To date, the round-up donation is a form of marketing that has received little research attention. As Vernis and Cipolla report, there are no conclusive studies on important considerations such as, for example, whether consumers feel ambushed by this kind of request. However, based on their examination of the phenomenon and their analysis of companies that include it, they put forward possible advantages and disadvantages:
- For the retailers: The main advantage is the lower cost in comparison with other campaigns, in addition to the usual advantages of involvement in charitable causes (gaining customer loyalty, enhancing the store's reputation and motivating the staff). One possible disadvantage is that the round-up donation request may make the customer feel uncomfortable. Furthermore, whenever a company aligns its brand with an NGO’s brand, there is always the risk that the NGO may engage in unethical behavior and, by extension, damage the reputation of the company.
- For the NGOs: The advantages include gaining access to a new and simple means of funding, increasing their visibility, and receiving support and know-how from the companies responsible for rounding up. The disadvantages are losing control of the message behind the cause (the immediacy of the payment does not leave room for this), the lack of direct access to the donor, ceding control to the company, and since the money is donated for a specific project, the NGOs cannot use it to finance their structure.
- For the consumers: The biggest advantage is that it is easy to donate and the donations are small (just a few cents). On the other hand, little information is received about where the donations will go, and the lines between philanthropy and consumption may become blurred.
Leading companies in round-up donations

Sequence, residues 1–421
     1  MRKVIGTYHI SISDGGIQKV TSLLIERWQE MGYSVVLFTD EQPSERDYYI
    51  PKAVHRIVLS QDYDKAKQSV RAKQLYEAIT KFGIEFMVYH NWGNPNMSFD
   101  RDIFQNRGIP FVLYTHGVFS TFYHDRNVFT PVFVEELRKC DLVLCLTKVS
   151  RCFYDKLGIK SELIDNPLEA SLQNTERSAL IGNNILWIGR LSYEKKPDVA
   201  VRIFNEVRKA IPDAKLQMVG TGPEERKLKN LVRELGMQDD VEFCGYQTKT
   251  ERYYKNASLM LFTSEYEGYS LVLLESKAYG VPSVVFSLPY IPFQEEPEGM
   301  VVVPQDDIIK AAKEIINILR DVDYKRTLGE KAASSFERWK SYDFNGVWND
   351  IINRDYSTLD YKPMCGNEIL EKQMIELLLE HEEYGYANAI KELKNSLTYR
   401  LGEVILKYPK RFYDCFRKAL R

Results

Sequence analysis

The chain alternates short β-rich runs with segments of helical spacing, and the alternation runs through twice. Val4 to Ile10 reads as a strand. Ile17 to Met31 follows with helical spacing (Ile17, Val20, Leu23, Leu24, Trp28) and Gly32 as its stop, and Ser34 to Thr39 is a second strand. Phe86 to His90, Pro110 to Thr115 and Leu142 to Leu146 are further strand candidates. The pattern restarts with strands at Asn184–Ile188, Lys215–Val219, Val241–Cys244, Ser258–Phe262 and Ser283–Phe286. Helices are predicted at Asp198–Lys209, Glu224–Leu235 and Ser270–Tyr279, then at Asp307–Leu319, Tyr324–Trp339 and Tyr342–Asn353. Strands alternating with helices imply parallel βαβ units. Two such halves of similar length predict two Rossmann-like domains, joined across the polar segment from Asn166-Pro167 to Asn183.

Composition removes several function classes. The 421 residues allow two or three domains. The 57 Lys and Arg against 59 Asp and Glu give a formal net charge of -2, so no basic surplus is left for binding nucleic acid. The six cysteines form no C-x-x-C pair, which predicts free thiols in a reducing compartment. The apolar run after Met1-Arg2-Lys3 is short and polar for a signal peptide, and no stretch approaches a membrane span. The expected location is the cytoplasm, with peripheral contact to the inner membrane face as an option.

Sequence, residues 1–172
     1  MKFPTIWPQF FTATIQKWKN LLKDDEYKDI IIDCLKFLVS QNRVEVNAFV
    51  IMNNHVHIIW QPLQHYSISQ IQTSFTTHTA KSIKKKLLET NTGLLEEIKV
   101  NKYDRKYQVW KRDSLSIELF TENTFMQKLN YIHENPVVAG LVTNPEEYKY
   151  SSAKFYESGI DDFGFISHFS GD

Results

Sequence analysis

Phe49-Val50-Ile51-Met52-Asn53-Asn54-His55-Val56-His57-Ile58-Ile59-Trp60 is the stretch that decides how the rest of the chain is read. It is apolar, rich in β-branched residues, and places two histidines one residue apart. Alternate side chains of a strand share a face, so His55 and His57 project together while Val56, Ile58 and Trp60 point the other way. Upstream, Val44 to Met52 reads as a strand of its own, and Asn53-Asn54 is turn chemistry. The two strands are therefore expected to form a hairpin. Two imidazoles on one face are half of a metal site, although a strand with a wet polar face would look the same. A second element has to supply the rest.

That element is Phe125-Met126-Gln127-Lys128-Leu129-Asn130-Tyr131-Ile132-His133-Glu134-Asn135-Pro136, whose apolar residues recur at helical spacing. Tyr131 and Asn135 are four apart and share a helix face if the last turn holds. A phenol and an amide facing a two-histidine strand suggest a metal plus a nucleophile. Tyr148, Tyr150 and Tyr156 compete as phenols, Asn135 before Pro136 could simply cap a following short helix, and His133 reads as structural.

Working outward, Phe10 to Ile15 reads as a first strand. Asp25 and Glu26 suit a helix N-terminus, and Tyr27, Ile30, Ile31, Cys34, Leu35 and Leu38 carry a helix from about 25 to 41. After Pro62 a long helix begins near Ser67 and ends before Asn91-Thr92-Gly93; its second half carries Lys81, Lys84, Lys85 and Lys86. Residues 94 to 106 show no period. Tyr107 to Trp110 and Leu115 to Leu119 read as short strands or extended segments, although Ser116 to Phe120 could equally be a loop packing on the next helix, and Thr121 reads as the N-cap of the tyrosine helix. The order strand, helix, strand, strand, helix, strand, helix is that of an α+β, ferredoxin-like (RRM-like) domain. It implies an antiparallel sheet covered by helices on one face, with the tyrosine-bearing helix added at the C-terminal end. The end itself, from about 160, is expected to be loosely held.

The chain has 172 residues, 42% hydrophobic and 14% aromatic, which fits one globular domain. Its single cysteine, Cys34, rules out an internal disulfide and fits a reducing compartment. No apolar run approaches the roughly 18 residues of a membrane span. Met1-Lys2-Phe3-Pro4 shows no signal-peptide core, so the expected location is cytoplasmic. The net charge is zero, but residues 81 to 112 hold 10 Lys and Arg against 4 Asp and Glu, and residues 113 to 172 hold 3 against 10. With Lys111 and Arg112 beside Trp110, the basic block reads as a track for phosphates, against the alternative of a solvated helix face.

The country with the highest volume of micro-donations is the United States. In 2020, the main fundraiser was the e-commerce platform eBay, with $82 million. It was followed by the Albertsons Companies group (Albertsons, Safeway, Vons, Jewel-Osco, Shaw’s, etc.) with $67.9 million, and the pet hypermarket chain PetSmart, with $44 million.
Round-up donation initiatives are beginning to take off in Europe
In Europe, round-up donation initiatives first appeared in 2019 and they are now beginning to take off. Unlike their American counterparts, the European leaders tend to have a legal status that is far removed from that of a standard capitalist company, lying somewhere between a foundation, a charity and a B Corp. All of them act as a bridge between the NGOs and the retailers in order to smooth the introduction of round-up donations.
Up until now, the funds they have raised continue to fall short of those raised in the US. The leading companies in Europe are Pennies in the UK and Ireland (£5.4 million), Deutschland Rundet Auf in Germany (€1.8 million), microDon in France (€2.7 million), and Worldcoo in Spain, Italy and Andorra (€2.2 million).
The authors, together with PhD student Juan Pablo Casadiego, have recently published the case Worldcoo: Creating a New Market for Consumer Sustainability in Harvard Business Publishing Education, in which they make an in-depth study of the emerging opportunities in this new solidarity market.